Heidelberg Perfecting Technology: Technical Innovations Combine to Maximize Quality and Productivity
Reliable and stable production is a prerequisite for speed and
flexibility, in particular with short to medium runs involving
frequent job changes, but ensuring smooth sheet travel for a wide
range of printing stock - from lightweight paper and card-
board to plastics - represents a huge challenge for
There are three factors that give presses with a
perfecting device the advantage of much higher productivity than
for straight printing but with virtually the same high print
Accurate perfecting increases productivity
- reliable sheet transfer with high register accuracy,
- innovative, ink-repellent cylinder jackets and
- a high level of automation.
The main tasks of the perfecting device are to reverse
the sheet already printed on one side as quickly and precisely as
possible, avoiding any damage to it and without disrupting the
sheet flow. The basic principle predominantly found with presses
arranged in rows - gripping the rear edge of the sheet - is the
same with most manufacturers. For the past 30 years, however,
Heidelberg has been different, adopting the principle (patented
until 2003) of pincer grippers which it developed itself. These
grippers are used in both straight and perfecting printing and
sistently smooth sheet travel. This minimizes the effect of
acceleration forces on the sheet, which is always kept at virtually
the same tension and transferred with maximum precision. The result
is exceptional register accuracy.
A further key factor for the productivity of Heidelberg
perfecting presses - which are currently capable of producing up to
15,000 sheets an hour - is the true-to-register three-drum
perfecting device developed by Heidelberg, which has the potential
to handle a much larger sheet throughput. It con-
sists of a transfer drum, a storage drum and a reversing
drum. The unique selling points of this Heidelberg unit are the
storage drum with its eccentric rotary suckers and the
reduced-diameter reversing drum which also uses the pincer gripper
system mentioned above, ensuring a high level of register accuracy
at any speed.
Three-drum perfecting - "streamline" sheet travel,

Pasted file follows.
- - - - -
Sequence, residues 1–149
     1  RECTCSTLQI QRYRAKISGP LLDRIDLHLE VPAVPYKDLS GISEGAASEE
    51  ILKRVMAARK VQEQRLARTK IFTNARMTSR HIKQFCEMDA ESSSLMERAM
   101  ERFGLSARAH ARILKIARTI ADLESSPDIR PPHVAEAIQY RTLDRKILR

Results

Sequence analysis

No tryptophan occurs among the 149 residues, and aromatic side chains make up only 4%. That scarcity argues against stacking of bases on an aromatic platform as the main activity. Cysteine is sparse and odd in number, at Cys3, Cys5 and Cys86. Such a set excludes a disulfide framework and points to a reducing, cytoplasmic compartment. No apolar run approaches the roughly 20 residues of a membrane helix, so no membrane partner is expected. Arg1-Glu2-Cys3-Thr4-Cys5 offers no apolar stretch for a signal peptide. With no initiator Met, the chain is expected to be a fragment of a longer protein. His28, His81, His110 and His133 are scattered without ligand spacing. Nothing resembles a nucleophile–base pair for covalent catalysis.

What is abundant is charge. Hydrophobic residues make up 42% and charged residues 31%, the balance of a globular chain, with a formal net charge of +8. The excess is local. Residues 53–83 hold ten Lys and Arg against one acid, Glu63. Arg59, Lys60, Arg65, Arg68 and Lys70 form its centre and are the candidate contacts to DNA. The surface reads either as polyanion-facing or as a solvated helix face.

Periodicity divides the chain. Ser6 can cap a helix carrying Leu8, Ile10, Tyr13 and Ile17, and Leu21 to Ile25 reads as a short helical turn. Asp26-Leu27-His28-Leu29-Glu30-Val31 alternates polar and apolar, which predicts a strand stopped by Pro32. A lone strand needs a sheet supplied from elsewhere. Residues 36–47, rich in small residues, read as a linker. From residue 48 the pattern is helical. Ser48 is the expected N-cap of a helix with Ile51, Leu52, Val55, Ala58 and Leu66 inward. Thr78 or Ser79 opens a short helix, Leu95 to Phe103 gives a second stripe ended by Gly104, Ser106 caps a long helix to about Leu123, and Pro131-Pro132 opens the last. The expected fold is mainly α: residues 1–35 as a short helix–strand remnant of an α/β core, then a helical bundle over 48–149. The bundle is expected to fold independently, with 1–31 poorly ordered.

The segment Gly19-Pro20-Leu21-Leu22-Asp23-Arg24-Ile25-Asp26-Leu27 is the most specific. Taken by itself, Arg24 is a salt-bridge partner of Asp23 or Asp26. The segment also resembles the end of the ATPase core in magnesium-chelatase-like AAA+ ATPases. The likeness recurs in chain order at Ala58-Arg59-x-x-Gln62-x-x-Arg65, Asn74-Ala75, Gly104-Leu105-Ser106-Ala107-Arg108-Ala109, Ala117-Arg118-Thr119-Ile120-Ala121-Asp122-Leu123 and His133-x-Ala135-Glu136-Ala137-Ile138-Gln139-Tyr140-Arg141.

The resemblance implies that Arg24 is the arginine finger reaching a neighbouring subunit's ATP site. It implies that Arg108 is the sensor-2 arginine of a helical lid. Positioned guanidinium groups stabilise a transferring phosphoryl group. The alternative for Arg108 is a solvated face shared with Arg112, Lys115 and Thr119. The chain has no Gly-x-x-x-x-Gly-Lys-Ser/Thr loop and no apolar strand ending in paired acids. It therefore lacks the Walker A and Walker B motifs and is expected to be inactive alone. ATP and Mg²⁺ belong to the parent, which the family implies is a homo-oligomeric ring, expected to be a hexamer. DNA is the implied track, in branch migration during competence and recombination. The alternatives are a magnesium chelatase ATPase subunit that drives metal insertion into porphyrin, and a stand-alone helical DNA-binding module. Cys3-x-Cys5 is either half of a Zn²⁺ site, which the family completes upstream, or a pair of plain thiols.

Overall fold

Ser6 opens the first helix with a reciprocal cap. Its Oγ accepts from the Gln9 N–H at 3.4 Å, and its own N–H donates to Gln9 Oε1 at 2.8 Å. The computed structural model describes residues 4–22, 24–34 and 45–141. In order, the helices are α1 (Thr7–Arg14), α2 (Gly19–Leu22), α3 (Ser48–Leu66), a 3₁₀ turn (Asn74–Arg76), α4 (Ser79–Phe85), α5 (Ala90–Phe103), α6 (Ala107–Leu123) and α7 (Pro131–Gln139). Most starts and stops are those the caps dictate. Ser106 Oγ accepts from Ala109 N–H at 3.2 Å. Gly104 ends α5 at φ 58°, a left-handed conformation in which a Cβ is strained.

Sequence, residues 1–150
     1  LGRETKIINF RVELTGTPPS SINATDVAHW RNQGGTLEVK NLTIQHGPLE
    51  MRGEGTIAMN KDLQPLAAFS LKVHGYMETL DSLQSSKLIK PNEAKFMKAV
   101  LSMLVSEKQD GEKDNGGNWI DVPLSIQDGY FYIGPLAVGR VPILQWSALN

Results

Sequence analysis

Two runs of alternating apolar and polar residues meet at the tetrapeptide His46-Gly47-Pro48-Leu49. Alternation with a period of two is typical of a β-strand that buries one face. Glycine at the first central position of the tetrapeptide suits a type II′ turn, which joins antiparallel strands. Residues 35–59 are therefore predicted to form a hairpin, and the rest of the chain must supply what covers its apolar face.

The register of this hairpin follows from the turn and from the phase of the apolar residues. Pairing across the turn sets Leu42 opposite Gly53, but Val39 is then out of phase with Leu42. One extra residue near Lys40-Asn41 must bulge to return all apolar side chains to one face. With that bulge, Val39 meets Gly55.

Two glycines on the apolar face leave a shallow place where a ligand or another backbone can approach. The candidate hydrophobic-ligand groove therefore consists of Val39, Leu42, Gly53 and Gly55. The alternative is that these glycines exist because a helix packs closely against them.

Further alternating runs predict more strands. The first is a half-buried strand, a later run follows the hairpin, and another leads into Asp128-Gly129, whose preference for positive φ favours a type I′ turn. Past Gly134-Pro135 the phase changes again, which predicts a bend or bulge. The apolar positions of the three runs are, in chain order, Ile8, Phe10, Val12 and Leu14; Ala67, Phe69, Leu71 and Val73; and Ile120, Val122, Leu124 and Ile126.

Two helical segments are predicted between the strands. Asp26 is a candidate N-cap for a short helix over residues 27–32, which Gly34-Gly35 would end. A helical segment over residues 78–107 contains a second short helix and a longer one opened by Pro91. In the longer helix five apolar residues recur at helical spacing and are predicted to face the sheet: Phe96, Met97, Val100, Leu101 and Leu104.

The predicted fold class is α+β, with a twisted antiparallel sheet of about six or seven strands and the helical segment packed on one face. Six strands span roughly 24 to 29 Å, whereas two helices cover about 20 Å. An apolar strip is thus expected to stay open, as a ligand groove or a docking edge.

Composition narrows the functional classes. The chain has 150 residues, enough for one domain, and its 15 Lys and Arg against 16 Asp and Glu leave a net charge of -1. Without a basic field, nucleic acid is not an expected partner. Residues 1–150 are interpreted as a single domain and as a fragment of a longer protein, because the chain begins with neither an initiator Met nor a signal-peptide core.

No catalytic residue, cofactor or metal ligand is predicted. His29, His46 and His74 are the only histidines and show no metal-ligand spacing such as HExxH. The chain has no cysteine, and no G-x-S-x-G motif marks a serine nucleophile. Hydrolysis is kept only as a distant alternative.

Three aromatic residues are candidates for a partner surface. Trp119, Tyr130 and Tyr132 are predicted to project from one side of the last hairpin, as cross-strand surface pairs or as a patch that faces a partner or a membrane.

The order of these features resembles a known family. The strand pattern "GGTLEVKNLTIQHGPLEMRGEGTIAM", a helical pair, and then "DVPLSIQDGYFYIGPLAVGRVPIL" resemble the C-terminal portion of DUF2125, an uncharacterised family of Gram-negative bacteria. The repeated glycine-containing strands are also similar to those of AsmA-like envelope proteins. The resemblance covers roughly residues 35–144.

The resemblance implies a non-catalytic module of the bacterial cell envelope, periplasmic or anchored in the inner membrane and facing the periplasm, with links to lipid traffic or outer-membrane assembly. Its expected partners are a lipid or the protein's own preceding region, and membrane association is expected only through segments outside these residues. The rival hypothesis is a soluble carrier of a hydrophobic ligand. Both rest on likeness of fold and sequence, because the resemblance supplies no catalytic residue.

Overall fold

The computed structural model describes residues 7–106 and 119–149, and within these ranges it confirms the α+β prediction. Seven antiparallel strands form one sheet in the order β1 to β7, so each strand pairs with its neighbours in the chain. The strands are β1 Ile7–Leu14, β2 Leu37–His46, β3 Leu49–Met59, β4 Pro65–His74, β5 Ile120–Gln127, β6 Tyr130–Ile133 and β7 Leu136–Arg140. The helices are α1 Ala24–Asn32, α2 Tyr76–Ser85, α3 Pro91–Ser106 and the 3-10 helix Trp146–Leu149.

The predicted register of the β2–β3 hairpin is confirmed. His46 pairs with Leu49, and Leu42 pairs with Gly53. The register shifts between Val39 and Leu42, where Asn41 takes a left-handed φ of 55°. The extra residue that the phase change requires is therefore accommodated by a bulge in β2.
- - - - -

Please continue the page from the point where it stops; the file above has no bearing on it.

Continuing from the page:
even for thick printing stock
The successful three-drum perfecting principle has been
further improved on the new Speedmaster CD 74 with perfecting
device by incorporating a restyled double-sized transfer cylinder
directly in front of the storage drum. The cylinder takes the sheet
from the last straight-mode impression cylinder. The transfer
system's drum shells can be folded up or extended. In per-
fecting mode, they are extended for thicker printing stock in
order to ensure optimal sheet transfer at all times to the storage
drum, which is also twice the standard size.
The storage drum has a rotary sucker system that tensions and
aligns the sheet perfectly, ensuring optimal registration. The
intake ports integrated into the shells of the stor-
age drum are a further new feature. They apply uniform
suction to the sheet over its entire length, even with thick
printing stock, and prevent waves from forming. This means that the
sheet is held securely on the storage drum right from its front
edge - a key factor for the high register accuracy of the
Heidelberg perfecting technology.
The storage drum is followed by an eccentrically shaped
single-sized reversing drum with a pincer gripper pad rail which
routes the sheet in a gripper closure to the downstream printing
In straight printing applications, perfecting presses from
Heidelberg deliver the same print quality and productivity as
presses without a perfecting device. The Prinect CP2000 Center
press control system can be used to switch perfecting presses to
Top quality thanks to ink-repellent transfer surfaces
The properties of cylinder surfaces are decisive for the
print quality and productivity of a press. If ink is smeared on the
transfer cylinders, this im-
pairs the quality of the recto side, increases the amount of
cleaning required and means that the surface is less durable.